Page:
We continue to strengthen supports for the healing and wellness of Survivors and inter-generational Survivors – Grand Chief Daniels
FOR IMMEDIATE RELEASE: September 1, 2022
ANISHINAABE AND DAKOTA TERRITORY, MB — The Southern Chiefs’ Organization (SCO) is pleased to launch the month leading up to the National Day for Truth and Reconciliation by honouring Survivors, intergenerational Survivors, and the children who did not return home with the announcement of two new programs. The programs focus on healing for those dealing with the ongoing traumas associated with Indian Residential Schools (IRS), Indian Day Schools, Sixties Scoop, the child welfare system and the issue of Missing and Murdered Indigenous Women and Girls.
“Time and time again, we hear from our communities that there is an urgent need to expand the range of culturally appropriate, responsive, and trauma-informed supports for residential and day school Survivors and inter-generational Survivors in southern Manitoba, as well as those impacted by the Sixties Scoop and child welfare system,” stated SCO Grand Chief Jerry Daniels. “This need has only been exacerbated since the discovery of the remains of the children who died at residential schools across Turtle Island.”
The SCO Survivors’ Healing Supports Program, along with the Harm Reduction Awareness and Land Based Healing Fund, were both developed to provide the opportunity for Anishinaabe and Dakota people to re-connect with their cultures and traditions. They are also designed to assist Survivors with gaining better access to advocacy as well as supports such as the newly established SCO Mobile Crisis Response Team.
These initiatives come after the SCO Chiefs-in-Summit unanimously passed a resolution in September of last year, to support permanent, increased, and enhanced supports for Indian Residential School Survivors and a Resolution supporting Sixties Scoop Survivors.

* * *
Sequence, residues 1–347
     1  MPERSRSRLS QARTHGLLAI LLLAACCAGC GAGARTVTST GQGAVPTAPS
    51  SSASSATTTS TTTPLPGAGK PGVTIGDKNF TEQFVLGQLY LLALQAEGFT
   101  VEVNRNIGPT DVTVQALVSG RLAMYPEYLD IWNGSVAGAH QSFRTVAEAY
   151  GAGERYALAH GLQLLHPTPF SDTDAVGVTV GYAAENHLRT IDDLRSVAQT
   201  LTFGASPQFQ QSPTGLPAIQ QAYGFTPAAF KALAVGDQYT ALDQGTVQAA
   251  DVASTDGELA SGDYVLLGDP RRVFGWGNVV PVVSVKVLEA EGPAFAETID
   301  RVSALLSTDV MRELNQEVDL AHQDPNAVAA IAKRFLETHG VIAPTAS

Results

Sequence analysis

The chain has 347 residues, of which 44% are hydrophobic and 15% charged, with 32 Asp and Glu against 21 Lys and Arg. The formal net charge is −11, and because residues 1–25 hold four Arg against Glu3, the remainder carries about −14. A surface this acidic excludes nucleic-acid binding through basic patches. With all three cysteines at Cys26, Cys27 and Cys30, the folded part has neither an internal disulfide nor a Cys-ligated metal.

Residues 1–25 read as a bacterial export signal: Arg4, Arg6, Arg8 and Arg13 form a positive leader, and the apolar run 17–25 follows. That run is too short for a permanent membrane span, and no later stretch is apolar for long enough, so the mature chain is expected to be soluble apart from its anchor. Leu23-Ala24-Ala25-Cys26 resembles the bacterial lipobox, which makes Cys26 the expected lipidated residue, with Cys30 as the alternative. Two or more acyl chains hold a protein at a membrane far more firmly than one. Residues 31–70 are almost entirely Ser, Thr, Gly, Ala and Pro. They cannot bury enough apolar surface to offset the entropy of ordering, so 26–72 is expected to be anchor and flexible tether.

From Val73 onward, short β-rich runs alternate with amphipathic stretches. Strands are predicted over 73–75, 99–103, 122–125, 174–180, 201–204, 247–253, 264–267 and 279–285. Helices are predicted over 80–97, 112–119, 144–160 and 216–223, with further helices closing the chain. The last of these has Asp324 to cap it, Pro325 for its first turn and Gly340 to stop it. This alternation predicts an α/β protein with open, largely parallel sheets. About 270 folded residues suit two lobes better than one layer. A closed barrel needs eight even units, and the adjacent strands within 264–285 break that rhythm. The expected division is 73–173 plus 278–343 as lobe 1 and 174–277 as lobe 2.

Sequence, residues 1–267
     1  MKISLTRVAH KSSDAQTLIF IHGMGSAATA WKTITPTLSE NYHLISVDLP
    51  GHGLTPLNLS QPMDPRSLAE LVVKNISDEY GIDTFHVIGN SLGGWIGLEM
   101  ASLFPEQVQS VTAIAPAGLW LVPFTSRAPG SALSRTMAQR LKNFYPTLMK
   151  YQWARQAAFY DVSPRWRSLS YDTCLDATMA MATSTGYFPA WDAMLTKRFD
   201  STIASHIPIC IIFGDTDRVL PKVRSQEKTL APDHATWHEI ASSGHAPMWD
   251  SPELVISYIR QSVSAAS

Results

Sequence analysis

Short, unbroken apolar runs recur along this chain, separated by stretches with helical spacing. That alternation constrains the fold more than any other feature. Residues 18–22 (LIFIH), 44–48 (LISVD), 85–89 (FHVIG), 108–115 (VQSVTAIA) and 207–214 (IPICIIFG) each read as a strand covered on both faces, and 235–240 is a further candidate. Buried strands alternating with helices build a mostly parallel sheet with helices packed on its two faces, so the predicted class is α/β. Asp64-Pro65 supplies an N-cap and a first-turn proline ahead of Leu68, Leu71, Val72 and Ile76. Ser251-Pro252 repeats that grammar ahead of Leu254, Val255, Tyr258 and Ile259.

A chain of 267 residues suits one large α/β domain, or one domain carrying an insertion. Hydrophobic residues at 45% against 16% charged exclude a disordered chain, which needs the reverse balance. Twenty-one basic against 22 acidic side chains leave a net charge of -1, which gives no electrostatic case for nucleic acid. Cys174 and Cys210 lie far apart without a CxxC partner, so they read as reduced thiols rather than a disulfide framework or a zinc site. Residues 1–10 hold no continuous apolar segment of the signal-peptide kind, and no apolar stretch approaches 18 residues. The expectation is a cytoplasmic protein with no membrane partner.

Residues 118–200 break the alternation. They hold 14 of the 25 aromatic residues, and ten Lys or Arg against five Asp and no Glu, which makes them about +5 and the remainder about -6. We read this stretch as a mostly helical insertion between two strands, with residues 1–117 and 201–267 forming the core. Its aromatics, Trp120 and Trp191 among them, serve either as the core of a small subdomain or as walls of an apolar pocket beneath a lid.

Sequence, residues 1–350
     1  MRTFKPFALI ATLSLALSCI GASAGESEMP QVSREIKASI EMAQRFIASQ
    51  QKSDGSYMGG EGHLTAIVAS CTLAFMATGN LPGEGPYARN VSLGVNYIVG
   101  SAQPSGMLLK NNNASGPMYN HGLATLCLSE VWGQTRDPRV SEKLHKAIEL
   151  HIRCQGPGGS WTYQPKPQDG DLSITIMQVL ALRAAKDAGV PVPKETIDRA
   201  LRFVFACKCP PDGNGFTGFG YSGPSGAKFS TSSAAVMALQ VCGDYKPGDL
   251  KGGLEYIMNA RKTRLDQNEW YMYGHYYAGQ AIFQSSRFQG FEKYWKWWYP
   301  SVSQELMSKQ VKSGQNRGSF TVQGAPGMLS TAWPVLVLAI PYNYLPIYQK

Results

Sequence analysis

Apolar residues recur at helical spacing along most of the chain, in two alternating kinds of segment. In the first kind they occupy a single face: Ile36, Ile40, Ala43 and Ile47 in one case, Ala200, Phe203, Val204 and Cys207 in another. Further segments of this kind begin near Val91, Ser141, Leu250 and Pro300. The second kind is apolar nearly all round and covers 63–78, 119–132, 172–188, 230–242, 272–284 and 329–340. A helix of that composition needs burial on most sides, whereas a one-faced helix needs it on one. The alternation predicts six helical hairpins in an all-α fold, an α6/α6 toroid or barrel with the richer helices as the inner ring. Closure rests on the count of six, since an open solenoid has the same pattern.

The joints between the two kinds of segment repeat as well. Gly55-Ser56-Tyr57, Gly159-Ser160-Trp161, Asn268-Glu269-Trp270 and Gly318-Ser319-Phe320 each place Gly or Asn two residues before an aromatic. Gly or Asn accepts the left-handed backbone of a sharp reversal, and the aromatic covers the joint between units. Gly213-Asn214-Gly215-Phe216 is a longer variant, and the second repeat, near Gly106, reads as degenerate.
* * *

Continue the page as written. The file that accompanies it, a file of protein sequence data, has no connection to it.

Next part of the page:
“Generations of colonization aimed at removing us from our land and outlawing our ceremonies, our languages, and our cultures has had a devastating effect on our health and well-being,” added Grand Chief Daniels. “I am proud of our leadership and staff for heeding this urgent call to action for our peoples.”
The Survivors Healing Supports Program has created a Survivors Advocate position and has begun hiring a team of Liaisons to assist families interacting with various colonial systems, and to help in the coordination of events and gatherings while providing emotional support for Survivors and their families. The Survivors Healing Supports Program has also announced a fund to support community gatherings and events in the SCO-member Nations.
The Harm Reduction Awareness and Land Based Healing Fund will offer additional opportunities to address the root causes of addiction by offering opportunities for people to re-establish connection with the land, which is considered sacred by First Nations. Funding will also be announced in the coming days to support community-based organizations wanting to offer land-based healing.
“Up until now, western systems have undermined our health systems by separating us from the land,” said Dakota Tipi First Nation Chief Eric Pashe. “We know that the land is both a healer and a teacher that promotes wellness and I am confident this fund and associated programming will lead to increased wellness for our relatives, especially those struggling with additions and other mental wellness trials.”
Both programs align with models where First Nation communities, leadership, and health care professionals have increased self-determination and self-governance authority. They also respond to the recommendations of the Royal Commission on Aboriginal Peoples, the United Nations Declaration on the Rights of Indigenous Peoples, the Calls to Action of the Truth and Reconciliation Commission of Canada, and the Calls for Justice issued by the National Inquiry into Missing and Murdered Indigenous Women and Girls.
“Having sovereignty over our health and well-being is critical for true healing,” concluded Grand Chief Daniels. “I am excited to see these programs being implemented and witnessing the positive results that will come from them.”
More information can be found on the SCO’s Survivors Healing Supports Program page.
The Southern Chiefs’ Organization represents 34 First Nations and more than 81,500 citizens in what is now called southern Manitoba. SCO is an independent political organization that protects, preserves, promotes, and enhances First Nations peoples’ inherent rights, languages, customs, and traditions through the application and implementation of the spirit and intent of the Treaty-making process.
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